I had been wanting to visit for some time, but the straw that broke the camel’s back was the gorgeous Wikipedia page that was created for Austin.  On it, I discovered so many things I did not even consider about Austin, that there exists an arts community and a recreational haven with a plethora of things to do besides visit the new Spam Museum.  I simply could not believe the quantity of parks and trails in Austin, probably some of the most per capita of anywhere in the State (28 parks).

Things I really enjoyed about my visit:

  • Vision 2020. I came across many people who knew about, and even bought into, Austin’s Vision 2020.  It’s rare when a planning and community development initiative is well known across a community, and generally supported.
  • Souvenirs.  There was an aisle in the main local grocery store, Hy-Vee, with a label called “canned meats”, perfect for the tourist who wants to get stocked up on rarer flavors of Spam.
  • Walkability.  The community was very walkable, with a highly-developed sidewalk network with few gaps.
  • Car chargers. An EV-owner, I really appreciated the charging stations in downtown Austin, near shops, restaurants and the famous Spam Museum.
  • Diversity.  From my initial walk through an Austin neighborhood, I noticed a lot of diversity.  With almost 4,000 Latino residents, 1,000 black or African Americans, and 600 Asians, Austin is more diverse than the typical Minnesota city by a long shot.  Over 2,600 residents of this city were foreign born, of which over one-in-ten people living in Austin were primarily coming from Latin America.

Minor critiques:

  • Far-flung hotels. The majority of hotel rooms are north of I-90, which is not very enticing to walk downtown, south of the freeway.
  • Hidden public facilities. The newer detention center, which I’m sure cost county taxpayers a great deal, seems to be hidden from the Main Street streetscape with a memorial and shrubbery.
  • Address numbering. The address numbering system is off-kilter.   For example, one of the McDonald’s is located on the 900-block of West Oakland Avenue between 9th and 10th Streets, but its address number is 1009.  There are countless examples of this throughout town.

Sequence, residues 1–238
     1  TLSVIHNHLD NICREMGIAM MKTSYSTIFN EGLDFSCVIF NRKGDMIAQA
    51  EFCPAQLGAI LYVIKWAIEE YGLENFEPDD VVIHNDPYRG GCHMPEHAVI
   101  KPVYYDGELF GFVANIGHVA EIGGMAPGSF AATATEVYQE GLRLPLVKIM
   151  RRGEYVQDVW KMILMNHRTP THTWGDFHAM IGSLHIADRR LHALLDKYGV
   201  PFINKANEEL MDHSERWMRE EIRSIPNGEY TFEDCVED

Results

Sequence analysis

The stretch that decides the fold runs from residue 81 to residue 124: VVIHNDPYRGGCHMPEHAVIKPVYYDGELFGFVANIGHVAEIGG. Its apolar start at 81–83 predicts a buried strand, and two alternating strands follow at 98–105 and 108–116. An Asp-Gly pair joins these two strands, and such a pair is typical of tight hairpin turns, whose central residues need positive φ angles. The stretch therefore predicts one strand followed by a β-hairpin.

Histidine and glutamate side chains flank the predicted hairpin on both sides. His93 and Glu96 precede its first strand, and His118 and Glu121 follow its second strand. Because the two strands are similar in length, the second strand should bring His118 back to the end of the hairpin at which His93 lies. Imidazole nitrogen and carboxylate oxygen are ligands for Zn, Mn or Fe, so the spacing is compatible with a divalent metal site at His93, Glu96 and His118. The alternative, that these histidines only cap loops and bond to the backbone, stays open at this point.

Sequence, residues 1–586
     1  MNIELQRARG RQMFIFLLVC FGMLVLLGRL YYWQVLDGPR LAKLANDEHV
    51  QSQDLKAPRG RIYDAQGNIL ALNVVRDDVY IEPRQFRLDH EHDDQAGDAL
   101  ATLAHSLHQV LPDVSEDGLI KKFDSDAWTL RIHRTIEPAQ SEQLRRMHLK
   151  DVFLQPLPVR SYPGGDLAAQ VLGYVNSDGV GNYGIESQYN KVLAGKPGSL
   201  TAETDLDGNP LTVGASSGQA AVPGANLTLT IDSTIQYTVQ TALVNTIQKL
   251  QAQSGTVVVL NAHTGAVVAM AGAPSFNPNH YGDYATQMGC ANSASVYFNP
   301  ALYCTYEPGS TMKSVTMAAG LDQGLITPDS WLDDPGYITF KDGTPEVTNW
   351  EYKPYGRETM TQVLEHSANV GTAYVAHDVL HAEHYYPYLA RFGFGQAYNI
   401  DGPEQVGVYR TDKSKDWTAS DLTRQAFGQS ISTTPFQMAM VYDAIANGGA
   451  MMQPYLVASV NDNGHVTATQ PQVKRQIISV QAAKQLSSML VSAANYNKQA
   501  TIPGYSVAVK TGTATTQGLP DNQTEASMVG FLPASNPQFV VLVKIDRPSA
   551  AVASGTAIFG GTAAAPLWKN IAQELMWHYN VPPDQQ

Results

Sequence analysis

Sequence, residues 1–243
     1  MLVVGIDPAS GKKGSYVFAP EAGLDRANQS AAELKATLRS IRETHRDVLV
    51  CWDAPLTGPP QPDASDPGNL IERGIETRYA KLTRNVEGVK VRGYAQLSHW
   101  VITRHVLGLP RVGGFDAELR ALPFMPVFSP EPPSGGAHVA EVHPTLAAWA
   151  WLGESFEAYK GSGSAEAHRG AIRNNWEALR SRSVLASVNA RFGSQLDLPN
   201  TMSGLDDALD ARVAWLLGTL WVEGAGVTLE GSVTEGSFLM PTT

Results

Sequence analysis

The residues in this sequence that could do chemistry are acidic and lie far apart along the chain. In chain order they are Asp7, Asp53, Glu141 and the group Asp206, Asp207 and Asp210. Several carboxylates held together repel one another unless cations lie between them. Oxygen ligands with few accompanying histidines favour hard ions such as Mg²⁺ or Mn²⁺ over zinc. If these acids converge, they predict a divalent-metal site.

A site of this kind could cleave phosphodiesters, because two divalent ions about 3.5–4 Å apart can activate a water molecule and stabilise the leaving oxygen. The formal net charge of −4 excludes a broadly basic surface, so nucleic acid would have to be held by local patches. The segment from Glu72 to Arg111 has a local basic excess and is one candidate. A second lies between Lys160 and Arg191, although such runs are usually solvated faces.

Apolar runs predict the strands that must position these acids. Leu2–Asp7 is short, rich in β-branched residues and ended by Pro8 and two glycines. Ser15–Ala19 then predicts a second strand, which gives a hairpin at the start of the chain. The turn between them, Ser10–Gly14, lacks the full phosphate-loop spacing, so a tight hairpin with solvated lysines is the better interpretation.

Extraordinarily interesting or uniquely Austin:

  • The city’s name. I found it interesting that Austin was named after Austin Nichols.  The town bears his first name, not his last like the vast majority of other towns named after people.
  • 2016-05-31 21.21.49 (2)

    Rydjor Bike Shop

    One of a kind places. The downtown Rydjor Bike Shop and Paramount Theater are among them.  You will know them when you see them.

  • Frank W. Bridges Theater.  There is a theater here apparently at the community college named after someone still living, another rarity.
  • Unique meeting spaces. There’s the Hormel Historic Home, the upstairs of the Austin ArtWorks Center, and the gay-owned Coffee House on Main.  Lots of classy meeting space for your gatherings.
  • The Meeting. Apparently, “The Meeting” takes place on Friday nights at Dusty’s Bar & Lounge, downtown Austin.  It is less a meeting and more an end-of-the-week release for teachers, Hormel workers and other professionals in the community; the clientele was definitely not a typical bar crowd in a small town.  I’m not sure how long this establishment has been around, but “The Meeting” is already a tradition.
  • Barbecue.  Who knew some of the best bar-b-que I have ever come across would be in Austin, Minnesota, and not Kansas City or Austin, Texas, for that matter?   The place is called Piggy Blues Bar-B-Que and it is entirely worth it.
2016-05-31 21.17.00

Upstairs at Austin ArtWorks Center

Similarities with Pine City: